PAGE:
Events

Turkey's EU Prospects and Europe's Domestic Politics

June 15, 2004 // 12:00am

Executive Summary
Summary of Conference Remarks
by Susan M. Spencer
Writer and Sr. Editor, Western Policy Center

Opening Remarks: John Sitilides, Executive Director, Western Policy Center (see full text)

Panel I: "Is Europe Ready for Turkish Accession Negotiations?"

Moderator: Jonathan Davidson, Senior Advisor for Political and Academic Affairs, European Commission Delegation

Since 1963, when Ankara signed an Association Agreement with the European Union, the EU has said that Turkey is part of Europe. At its December 1999 Helsinki summit, all 15 member nations declared that Turkey was a candidate for membership in the bloc, with all the rights and obligations accorded to candidates. There has been a flow of pre-accession financial aid from the EU to Turkey to prepare the country for accession.

In 2002, all 15 European Union members agreed that, if Turkey met the political criteria of the Copenhagen membership criteria, which include establishing the rule of law and meeting human rights obligations, by the end of 2004, the EU would open accession talks with Ankara without delay. It is the general understanding that, under these circumstances, talks would begin in the spring of 2005.

I am stressing the fact that requiring Turkey to meet the political criteria before it can begin accession negotiations is consistent with EU practice. Several precedents exist indicating that the opening of talks with other countries has been delayed because these criteria were not fulfilled. For example, the United Kingdom waited on political grounds for 10 or 11 years to begin talks. Once a candidate country begins accession talks, it can proceed with meeting the required economic criteria.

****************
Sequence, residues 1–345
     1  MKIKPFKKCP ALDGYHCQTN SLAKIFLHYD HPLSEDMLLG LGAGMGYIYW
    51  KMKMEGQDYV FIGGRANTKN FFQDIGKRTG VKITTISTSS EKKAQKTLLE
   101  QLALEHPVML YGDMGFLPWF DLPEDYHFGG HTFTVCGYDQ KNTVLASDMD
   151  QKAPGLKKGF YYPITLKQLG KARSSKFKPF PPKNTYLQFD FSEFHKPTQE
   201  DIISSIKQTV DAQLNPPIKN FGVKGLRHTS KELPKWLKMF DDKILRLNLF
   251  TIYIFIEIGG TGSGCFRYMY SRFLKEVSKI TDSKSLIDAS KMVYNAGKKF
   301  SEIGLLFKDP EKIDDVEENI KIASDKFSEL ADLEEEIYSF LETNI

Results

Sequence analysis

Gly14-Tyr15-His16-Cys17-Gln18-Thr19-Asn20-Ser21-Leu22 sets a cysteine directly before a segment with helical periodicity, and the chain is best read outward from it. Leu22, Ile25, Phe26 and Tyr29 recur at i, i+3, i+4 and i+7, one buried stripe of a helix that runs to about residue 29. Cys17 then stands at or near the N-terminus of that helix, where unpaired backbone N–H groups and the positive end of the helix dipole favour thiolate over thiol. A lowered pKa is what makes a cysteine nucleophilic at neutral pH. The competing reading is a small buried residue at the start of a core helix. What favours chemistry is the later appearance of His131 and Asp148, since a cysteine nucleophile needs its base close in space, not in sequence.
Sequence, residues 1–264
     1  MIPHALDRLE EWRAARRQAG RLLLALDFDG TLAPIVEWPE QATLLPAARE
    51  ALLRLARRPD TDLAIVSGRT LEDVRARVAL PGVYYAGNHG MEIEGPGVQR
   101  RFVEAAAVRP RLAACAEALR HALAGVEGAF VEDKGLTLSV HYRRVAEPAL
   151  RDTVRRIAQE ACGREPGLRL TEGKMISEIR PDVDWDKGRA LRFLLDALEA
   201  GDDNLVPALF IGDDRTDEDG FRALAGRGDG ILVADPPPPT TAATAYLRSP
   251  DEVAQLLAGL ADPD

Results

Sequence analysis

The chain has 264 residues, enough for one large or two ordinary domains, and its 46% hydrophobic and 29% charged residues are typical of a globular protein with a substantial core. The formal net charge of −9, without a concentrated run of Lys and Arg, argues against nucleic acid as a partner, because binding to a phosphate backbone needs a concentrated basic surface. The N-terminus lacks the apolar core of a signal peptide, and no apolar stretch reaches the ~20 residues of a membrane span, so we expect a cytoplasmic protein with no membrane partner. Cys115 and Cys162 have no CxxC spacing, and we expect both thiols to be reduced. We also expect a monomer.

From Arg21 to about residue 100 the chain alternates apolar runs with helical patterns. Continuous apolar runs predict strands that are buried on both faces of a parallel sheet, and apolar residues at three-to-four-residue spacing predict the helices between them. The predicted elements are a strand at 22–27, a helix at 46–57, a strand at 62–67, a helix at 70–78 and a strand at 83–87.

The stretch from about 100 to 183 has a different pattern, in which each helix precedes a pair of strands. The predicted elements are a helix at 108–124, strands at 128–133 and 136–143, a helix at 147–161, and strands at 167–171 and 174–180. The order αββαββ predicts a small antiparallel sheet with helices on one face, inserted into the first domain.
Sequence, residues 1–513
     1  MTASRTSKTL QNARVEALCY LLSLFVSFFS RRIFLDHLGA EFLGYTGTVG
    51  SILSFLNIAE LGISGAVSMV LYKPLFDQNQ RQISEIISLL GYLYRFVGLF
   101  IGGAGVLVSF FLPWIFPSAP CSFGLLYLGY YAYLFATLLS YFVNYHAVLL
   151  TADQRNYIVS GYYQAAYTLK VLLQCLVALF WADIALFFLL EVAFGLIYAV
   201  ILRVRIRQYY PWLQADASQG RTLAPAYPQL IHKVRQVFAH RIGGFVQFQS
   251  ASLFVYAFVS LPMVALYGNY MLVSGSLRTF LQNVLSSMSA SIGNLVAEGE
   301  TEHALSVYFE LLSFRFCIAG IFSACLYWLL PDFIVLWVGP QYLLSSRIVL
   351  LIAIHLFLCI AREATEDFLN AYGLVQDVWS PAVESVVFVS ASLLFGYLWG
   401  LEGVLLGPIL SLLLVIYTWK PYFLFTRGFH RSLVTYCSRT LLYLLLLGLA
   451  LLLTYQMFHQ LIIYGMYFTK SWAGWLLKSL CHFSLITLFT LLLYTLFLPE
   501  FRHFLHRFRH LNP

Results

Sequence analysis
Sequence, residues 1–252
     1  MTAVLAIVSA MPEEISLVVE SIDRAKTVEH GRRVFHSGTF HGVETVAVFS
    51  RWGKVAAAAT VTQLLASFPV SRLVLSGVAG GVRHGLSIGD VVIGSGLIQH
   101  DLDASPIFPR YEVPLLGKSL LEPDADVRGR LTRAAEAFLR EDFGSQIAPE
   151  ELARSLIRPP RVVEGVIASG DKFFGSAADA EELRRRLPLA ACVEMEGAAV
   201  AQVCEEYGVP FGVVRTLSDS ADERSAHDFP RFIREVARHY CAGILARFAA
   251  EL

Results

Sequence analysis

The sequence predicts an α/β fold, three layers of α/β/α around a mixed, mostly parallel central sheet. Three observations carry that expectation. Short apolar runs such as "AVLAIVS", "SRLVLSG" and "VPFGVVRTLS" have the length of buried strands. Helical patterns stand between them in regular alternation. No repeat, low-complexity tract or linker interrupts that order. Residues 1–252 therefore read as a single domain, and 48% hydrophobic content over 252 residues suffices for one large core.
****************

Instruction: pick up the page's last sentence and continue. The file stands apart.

In late September or early October, the European Commission is expected to release its report concerning whether or not the specific political criteria have been met by Turkey. The Commission will use a highly objective method to determine this.

There are those who say that the European Union is foot-dragging concerning opening accession talks with Ankara because Brussels is not ready to welcome Turkey into the bloc. Strong political leadership is needed in the European Union to persuade the member countries that accepting Turkey into the EU is the right thing to do.

A huge gulf has had to be crossed. Mustafa Kemal Ataturk established a strictly controlled Turkish state in 1923 because he thought that the influence of religion would be divisive. The basis on which he founded the state has been antithetical to the philosophy of European states since the 1950s. The achievements of the Turkish government have been enormous in crossing this gulf.

The Turkish parliament has passed a huge array of legislative and constitutional reforms, and new reforms are expected by the end of July. The focus now is on whether the reforms have been implemented. The challenge is carrying out societal changes down to the level of local governments and throughout a nation characterized by diversity.

The European Commission has been deeply involved in Turkey's road toward accession over the last few years, and particularly over the last few months. At this time, there is no bigger issue facing the Commission than the issue of Turkey's accession talks because the stakes are significant. The issue of Turkey's entry into the EU is pivotal because of its geographic location, history, and religious make-up.

Once the Commission releases its report, the Council of Ministers will discuss it. Then, at the EU summit in The Netherlands in December, a unanimous decision of the current 25 member states will be required to approve a date for beginning accession talks with Turkey.

Asla Aydintasbas, Adjunct Fellow, Western Policy Center, and Columnist, Sabah Newspaper

There are signs from the European Union that it is ready to begin accession talks with Turkey. It is expected that this view will be stated at the June 17-18 EU summit in Dublin.

From now until December 2004, when the EU will decide whether to open accession talks with Turkey, there will be challenges facing Ankara.

The Cyprus issue has not gone away and will plague the 25 EU states, particularly Cyprus. In addition, it is not certain that there will be a new settlement initiative. It does not look as if the Cyprus government is ready to give Turkey an "easy ride," and an effort will have to be undertaken to persuade the Greek Cypriots not to veto the opening of accession talks with Ankara. The question on the table now is whether Turkey will extend its customs union agreement with the EU to Cyprus. This could change the present dynamic.